In addition to federal law protections, state law may include additional categories of protected characteristics, such as marital status, political affiliations and source of income.
Sexual harassment is a specific form or harassment recognized by courts as a form of sex discrimination. The Equal Employment Opportunity Commission defines sexual harassment as:
Unwelcome sexual advances, requests for sexual favors, or other verbal or physical conduct of a sexual nature when:
- Submission to such conduct was made either explicitly or implicitly a term or condition of an individual's employment;
- Submission to or rejection of such conduct by an individual was used as the basis for employment decisions affecting such individual; or
- Such conduct has the purpose or effect of unreasonably interfering with an individual's work performance or creating an intimidating, hostile, or offensive working environment.
There are two forms of sexual harassment: quid pro quo and hostile environment. Quid pro quo harassment occurs when a manager or other authority figure offers or merely hints that they will give an employee something, such as a raise or a promotion, in return for satisfaction of a sexual demand. A single incident of quid pro quo harassment may constitute unlawful harassment. Hostile environment harassment, on the other hand, is frequent or pervasive unwanted conduct that unreasonably interferes with an individual’s employment or creates an abusive, intimidating, hostile or offensive work environment. In general, one isolated incidence will not constitute hostile environment harassment.
Sexual harassment can occur in a variety of circumstances, and includes both verbal and non-verbal conduct. Sexual harassment is not limited to interactions between members of the opposite sex, and may include situations involving two women or two men, and the victims of sexual harassment may be male or female.
In order to effectively prevent and address all types of harassment, and diminish the potential legal liability that comes with failure to address harassment, associations should be sure have anti-harassment policies in place – including one for employees, and one for association leaders. Maintaining two separate policies provides a method for all employees and association volunteers (for example, directors and committee members) to know what conduct is expected, and where to report potential problems.
In creating a new policy or reviewing an existing anti-harassment policy, associations should ensure their policies contain the following:
- A Clear Definition of Harassment. The policy should include a definition of harassment based on both federal law, as well as any applicable state law variations. The association could also consider including a nonexhaustive list of examples of conduct considered illegal and inappropriate under the policy.
- Where to Report Incidents of Harassment. The association’s policy should include multiple avenues for victims to report harassment. For employee policies, human resources personnel, an employee’s supervisor, or even the association executive are all appropriate reporting avenues to consider including in the policy. For association leadership policies, the association may consider including the association’s officers, a member’s committee chair or even the association executive as potential avenues to make a harassment complaint.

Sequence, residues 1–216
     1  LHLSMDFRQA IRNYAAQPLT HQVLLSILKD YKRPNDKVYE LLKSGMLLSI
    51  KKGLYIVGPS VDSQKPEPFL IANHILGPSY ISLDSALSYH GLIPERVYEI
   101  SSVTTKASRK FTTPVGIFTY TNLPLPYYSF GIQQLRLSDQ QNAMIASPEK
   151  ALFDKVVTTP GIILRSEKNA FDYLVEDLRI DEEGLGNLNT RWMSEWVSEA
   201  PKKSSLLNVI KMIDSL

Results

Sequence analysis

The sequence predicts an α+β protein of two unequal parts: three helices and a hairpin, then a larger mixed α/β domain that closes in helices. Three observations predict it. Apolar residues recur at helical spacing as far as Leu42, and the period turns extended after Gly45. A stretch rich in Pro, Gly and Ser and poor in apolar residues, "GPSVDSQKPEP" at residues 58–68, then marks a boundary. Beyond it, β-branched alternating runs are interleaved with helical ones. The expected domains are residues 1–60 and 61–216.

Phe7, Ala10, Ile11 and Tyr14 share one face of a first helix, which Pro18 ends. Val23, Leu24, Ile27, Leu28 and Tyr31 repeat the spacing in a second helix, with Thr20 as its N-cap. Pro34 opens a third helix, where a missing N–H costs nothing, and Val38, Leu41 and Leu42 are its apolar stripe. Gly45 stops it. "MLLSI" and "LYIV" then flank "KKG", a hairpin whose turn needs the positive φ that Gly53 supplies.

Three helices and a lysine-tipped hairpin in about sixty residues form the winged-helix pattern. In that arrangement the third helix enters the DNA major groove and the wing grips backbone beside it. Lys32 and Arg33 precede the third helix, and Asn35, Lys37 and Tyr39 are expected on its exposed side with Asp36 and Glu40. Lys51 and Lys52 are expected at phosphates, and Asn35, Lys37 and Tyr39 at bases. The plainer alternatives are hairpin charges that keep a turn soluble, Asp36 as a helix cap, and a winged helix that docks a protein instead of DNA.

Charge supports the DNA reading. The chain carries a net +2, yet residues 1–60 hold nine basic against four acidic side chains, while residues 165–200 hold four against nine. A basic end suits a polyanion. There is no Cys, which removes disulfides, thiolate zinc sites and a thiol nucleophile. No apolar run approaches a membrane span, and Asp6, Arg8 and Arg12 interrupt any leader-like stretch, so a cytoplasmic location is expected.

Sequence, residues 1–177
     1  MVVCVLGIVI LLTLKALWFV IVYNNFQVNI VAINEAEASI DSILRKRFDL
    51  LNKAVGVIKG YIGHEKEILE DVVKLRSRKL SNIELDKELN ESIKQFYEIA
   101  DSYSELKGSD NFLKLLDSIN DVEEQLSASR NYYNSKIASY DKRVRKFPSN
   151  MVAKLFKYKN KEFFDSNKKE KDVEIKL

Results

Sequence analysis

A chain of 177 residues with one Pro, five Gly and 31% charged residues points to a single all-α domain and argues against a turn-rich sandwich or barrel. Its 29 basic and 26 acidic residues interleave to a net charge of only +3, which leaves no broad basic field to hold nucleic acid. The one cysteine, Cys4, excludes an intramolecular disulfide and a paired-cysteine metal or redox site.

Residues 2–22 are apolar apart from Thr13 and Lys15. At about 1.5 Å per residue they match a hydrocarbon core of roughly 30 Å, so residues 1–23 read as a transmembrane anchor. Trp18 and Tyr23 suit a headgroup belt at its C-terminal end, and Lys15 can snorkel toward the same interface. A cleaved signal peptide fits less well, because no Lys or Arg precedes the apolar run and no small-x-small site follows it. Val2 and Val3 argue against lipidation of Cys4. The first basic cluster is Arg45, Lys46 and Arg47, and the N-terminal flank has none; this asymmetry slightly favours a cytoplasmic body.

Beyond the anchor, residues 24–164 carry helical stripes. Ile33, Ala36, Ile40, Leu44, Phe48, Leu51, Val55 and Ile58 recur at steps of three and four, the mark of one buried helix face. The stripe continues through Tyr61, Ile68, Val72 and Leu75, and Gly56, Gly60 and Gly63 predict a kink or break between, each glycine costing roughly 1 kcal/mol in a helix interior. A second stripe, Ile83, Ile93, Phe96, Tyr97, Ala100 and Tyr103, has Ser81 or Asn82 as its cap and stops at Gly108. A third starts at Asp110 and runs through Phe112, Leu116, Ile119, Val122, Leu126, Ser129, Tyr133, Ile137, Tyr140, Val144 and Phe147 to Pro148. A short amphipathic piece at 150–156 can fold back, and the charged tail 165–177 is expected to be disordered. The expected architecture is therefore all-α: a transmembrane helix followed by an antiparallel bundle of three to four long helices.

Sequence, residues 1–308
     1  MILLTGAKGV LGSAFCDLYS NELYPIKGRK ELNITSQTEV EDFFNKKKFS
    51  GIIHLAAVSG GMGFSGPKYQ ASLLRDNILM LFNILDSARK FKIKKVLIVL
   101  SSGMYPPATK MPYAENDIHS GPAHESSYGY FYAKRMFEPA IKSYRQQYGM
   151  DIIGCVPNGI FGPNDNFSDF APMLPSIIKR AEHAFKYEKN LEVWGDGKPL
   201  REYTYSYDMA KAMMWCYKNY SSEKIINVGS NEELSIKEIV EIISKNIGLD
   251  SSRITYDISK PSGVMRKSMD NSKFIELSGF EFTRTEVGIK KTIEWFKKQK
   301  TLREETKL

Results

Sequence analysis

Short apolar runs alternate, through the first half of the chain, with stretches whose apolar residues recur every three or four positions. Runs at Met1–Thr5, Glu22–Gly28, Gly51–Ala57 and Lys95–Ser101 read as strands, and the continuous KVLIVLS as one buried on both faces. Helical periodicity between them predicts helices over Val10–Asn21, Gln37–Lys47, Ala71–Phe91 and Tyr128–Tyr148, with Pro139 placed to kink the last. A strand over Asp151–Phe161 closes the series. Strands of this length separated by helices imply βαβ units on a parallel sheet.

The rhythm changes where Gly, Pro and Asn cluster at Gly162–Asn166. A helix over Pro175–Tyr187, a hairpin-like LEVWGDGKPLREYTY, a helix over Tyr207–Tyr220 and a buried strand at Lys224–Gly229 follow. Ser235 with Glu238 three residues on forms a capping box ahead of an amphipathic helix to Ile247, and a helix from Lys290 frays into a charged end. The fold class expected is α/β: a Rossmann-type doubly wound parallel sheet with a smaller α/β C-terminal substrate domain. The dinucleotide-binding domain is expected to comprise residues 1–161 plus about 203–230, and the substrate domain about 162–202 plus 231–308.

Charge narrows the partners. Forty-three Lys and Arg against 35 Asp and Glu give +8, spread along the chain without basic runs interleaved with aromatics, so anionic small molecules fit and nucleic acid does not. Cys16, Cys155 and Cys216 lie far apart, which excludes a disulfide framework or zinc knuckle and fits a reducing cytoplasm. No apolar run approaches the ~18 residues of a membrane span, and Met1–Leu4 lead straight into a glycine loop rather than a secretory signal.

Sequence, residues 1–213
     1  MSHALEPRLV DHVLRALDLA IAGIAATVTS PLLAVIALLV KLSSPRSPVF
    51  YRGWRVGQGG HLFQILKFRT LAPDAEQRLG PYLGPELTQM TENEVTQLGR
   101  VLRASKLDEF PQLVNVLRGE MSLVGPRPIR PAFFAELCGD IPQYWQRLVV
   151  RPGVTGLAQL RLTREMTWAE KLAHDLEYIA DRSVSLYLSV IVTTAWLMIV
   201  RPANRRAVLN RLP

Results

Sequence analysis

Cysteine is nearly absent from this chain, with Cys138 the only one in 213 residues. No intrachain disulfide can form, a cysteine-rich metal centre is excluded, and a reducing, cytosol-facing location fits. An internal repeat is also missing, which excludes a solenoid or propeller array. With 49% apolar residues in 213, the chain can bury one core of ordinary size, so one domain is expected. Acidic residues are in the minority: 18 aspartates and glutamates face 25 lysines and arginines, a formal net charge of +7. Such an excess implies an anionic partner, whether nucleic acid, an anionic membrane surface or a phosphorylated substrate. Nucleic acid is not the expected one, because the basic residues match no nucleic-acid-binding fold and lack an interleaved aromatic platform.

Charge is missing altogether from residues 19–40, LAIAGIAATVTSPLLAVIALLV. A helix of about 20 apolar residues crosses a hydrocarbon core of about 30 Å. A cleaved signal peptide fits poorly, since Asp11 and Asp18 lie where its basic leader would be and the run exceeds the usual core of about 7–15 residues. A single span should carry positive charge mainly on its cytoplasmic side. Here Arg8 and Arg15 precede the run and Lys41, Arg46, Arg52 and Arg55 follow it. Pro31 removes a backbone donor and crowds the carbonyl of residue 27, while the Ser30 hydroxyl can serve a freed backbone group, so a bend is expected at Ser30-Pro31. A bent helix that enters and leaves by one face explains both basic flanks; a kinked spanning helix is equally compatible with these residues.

- Investigative Process. The policy should clearly outline the steps the association will take to investigate complaints made under the policy. In all cases, it is important that the association promptly and thoroughly investigate each complaint, and maintain thorough record keeping and communication with the alleged harasser and the victim throughout the process.
- Potential Disciplinary Action. The policy should outline the potential disciplinary action that will be taken when a violation of the association’s policy occurs. The potential consequences of prohibited harassment may include any discipline allowed by federal or state law, up to and including termination from employment or removal from the association volunteer’s position.
- Clear Statement of Non-Retaliation. Under Title VII of the Civil Rights Act, it is illegal to retaliate against an individual who files a discrimination complaint, and a non-retaliation statement is a critical element of an effective policy. A non-retaliation statement communicates to victims making good-faith reports of harassment that they will not experience any negative consequences for making such a report, even when an investigation reveals no harassment occurred. This not only creates an environment where victims feel comfortable reporting inappropriate behavior without fear of negative consequence, but also places the association in a position to promptly address issues of harassment and avoid potential liability down the road.
And finally, the best-laid policy is only as good as the training and enforcement behind it. Once the association has its policies in place, the association should be sure to conduct regular training for all of its employees and volunteer leaders.
- Review state and federal harassment laws with legal counsel.
- Create an employee anti-harassment policy, and train all employees on it.
- Create a volunteer leader anti-harassment policy, and train all volunteers on it.
- Promptly investigate all complaints of harassment.
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